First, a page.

Part 1 - Consensus EPS (Case 1.1) (lines 1 to 12)
Part 1 shows the amounts the share price would need to increase to achieve a 7.5% rate of return through the end of 2022. The share price would need to increase by $15.08 from the present $135.42 to $150.50 at the end of 2022, for the 7.5% rate of return to be achieved.
Part 2 - Required change in P/E ratio to achieve target 7.5% return (lines 21 to 23)
Part 2 shows the amount the P/E ratio would need to increase or decrease by, from buy date to the end of 2022, to achieve the share price level at the end of 2022 necessary to achieve the targeted 7.5% return. For Reliance Steel, the P/E ratio at buy date can decrease by (6.3)% through the end of 2022 and the 7.5% return would still be achieved. Being able to achieve a targeted return with a decrease in the P/E ratio would normally be regarded as a positive. However, due to the distortions of earnings and sentiment owing to the COVID-19 pandemic, it's difficult to judge whether the change in P/E ratio is a positive or the result of a distorted starting point. To overcome this difficulty, in Part 3, I review the necessary change in P/E ratio from a different, pre-COVID-19 starting point.
Part 3 - Projected change in P/E ratios from 2019 to 2022 (lines 31 to 46)
In Part 3, I start with the share price at Dec. 31, 2019, before the impact of the COVID-19 pandemic on earnings and market sentiment. The end point is projected share price at the end of 2022, when it's assumed the market and earnings are no longer materially impacted by the pandemic, and EPS growth has brought the P/E ratio back closer to historical levels. For Reliance Steel, the share price needs to increase by $35.70 from $114.80 at Dec. 31, 2019, to $150.50 at the end of 2022, and as detailed in Part 1, at $150.50, the targeted 7.5% rate of return would be achieved. For Reliance Steel, there are a number of givens in our assumptions. Using these givens, the change in the share price from Dec. 31, 2019, to the end of 2022, can be expressed as mathematical formulae as follows:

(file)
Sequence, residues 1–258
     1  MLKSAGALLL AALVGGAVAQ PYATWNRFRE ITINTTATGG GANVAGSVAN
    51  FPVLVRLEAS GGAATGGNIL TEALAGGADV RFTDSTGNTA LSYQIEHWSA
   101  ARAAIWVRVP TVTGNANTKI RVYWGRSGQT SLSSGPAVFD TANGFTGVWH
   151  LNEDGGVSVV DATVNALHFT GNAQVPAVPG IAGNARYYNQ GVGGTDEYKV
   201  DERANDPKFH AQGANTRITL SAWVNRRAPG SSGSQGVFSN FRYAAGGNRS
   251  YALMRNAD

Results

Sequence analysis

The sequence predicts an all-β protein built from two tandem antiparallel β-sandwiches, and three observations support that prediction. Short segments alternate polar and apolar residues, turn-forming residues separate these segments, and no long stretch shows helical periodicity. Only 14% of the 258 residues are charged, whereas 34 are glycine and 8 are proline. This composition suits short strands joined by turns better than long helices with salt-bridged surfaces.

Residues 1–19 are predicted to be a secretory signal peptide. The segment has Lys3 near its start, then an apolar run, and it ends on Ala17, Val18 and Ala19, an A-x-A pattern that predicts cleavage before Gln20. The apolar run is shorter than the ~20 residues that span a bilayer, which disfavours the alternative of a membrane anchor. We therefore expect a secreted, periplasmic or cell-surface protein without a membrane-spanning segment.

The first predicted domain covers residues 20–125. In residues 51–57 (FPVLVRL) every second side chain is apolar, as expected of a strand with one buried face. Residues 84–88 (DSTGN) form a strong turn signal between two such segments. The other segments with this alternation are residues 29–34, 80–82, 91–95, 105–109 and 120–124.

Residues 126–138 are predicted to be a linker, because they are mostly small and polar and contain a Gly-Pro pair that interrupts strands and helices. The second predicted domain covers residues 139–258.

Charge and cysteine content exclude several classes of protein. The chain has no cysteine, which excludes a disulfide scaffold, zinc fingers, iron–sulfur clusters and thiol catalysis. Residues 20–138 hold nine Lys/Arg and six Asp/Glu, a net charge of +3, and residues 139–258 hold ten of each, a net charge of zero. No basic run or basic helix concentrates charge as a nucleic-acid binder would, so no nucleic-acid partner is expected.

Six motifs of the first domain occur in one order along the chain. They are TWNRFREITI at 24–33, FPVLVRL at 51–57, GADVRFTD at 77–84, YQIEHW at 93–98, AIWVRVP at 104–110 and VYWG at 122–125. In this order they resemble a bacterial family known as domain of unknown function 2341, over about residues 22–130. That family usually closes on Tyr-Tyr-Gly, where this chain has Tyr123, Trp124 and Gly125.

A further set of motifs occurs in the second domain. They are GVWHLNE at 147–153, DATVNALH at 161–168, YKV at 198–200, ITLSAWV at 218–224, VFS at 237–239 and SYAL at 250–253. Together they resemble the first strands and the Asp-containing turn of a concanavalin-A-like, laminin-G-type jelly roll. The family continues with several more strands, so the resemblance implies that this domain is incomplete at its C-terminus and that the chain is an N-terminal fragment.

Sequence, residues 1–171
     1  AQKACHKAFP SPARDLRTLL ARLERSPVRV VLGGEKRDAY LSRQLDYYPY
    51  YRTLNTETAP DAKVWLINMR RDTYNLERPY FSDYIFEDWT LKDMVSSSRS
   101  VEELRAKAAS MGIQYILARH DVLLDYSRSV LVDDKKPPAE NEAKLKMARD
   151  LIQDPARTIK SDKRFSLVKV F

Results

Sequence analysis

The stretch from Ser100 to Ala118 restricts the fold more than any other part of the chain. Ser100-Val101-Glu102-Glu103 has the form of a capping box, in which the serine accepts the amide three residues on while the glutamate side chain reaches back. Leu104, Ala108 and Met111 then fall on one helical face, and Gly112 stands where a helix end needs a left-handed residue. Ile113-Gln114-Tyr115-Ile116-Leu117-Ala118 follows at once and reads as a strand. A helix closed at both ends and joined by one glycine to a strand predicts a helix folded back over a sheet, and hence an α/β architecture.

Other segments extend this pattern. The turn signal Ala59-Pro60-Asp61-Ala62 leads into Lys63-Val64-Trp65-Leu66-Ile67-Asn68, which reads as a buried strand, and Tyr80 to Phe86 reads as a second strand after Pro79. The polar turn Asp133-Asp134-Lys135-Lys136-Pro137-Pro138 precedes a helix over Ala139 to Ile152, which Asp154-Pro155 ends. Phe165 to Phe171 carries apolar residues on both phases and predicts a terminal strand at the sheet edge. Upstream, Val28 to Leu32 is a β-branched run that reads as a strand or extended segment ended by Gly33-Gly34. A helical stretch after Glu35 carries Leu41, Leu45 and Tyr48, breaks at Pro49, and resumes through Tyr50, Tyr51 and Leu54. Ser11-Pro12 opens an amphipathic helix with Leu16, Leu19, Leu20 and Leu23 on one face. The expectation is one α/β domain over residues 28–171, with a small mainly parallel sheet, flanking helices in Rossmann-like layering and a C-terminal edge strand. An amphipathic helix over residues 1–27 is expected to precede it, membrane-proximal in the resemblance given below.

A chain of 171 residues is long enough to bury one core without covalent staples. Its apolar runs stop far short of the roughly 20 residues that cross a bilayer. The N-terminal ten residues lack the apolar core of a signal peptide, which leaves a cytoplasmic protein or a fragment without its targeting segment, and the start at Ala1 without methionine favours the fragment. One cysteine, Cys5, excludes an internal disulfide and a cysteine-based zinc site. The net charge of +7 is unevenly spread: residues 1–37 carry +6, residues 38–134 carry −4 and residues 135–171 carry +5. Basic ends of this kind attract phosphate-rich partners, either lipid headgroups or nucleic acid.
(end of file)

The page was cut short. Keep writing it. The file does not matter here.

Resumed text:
(A) Change in share price, due to effect of EPS growth rate, equals share price at beginning multiplied by (1 plus average yearly Consensus EPS growth rate) to the power of number of years invested.
= $114.80*(1-4.1%)^3 = $101.26
(B) Change in share price due to change in P/E ratio equals share price adjusted for EPS growth rate multiplied by (1 plus/minus percentage change in P/E ratio).
= $101.26*(1+48.6%) = $150.50
The decrease of $13.54 ($114.80 minus $101.26) due to the average yearly EPS growth rate is cumulative, and share price will continue to decrease the longer the shares are held and the decline continues. The increase of $49.24 due to a change in the P/E ratio ($150.50 minus $101.26) has a one-off effect. A continuing high or low P/E ratio has no impact on future share price growth, only a change in P/E ratio affects share price, not the level of P/E ratio.
Next, rather than targeting a specific rate of return, I look at historical P/E ratios to see the potential impact on returns of a reversion to these levels of P/E ratio. First of all, I should explain a little about the Dividend Growth Income+ Club approach to financial analysis of stocks.
Understanding The Dividend Growth Income+ Club Approach
Dividend Growth Income+ Club logo Copyright: Robert Honeywill 2020
Total Return, Dividends, Share Price
The only way an investor can achieve a positive return on an investment in shares is through receipt of dividends and/or an increase in the share price above the buy price. It follows what really matters in share value assessment is the expected price at which a buyer will be able to exit shares, and expected cash flow from dividends.
Changes in Share Price